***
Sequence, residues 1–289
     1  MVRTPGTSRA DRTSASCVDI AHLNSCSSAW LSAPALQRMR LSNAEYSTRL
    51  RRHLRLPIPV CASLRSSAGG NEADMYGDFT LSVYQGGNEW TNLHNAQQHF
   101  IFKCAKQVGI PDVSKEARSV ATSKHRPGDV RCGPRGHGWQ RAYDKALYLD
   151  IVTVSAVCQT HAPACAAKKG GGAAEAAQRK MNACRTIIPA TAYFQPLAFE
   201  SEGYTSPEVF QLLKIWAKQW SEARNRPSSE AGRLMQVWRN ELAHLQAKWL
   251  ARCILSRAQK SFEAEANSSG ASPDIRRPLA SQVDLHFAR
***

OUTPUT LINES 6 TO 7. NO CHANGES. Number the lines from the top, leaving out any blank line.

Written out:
   201  SEGYTSPEVF QLLKIWAKQW SEARNRPSSE AGRLMQVWRN ELAHLQAKWL
   251  ARCILSRAQK SFEAEANSSG ASPDIRRPLA SQVDLHFAR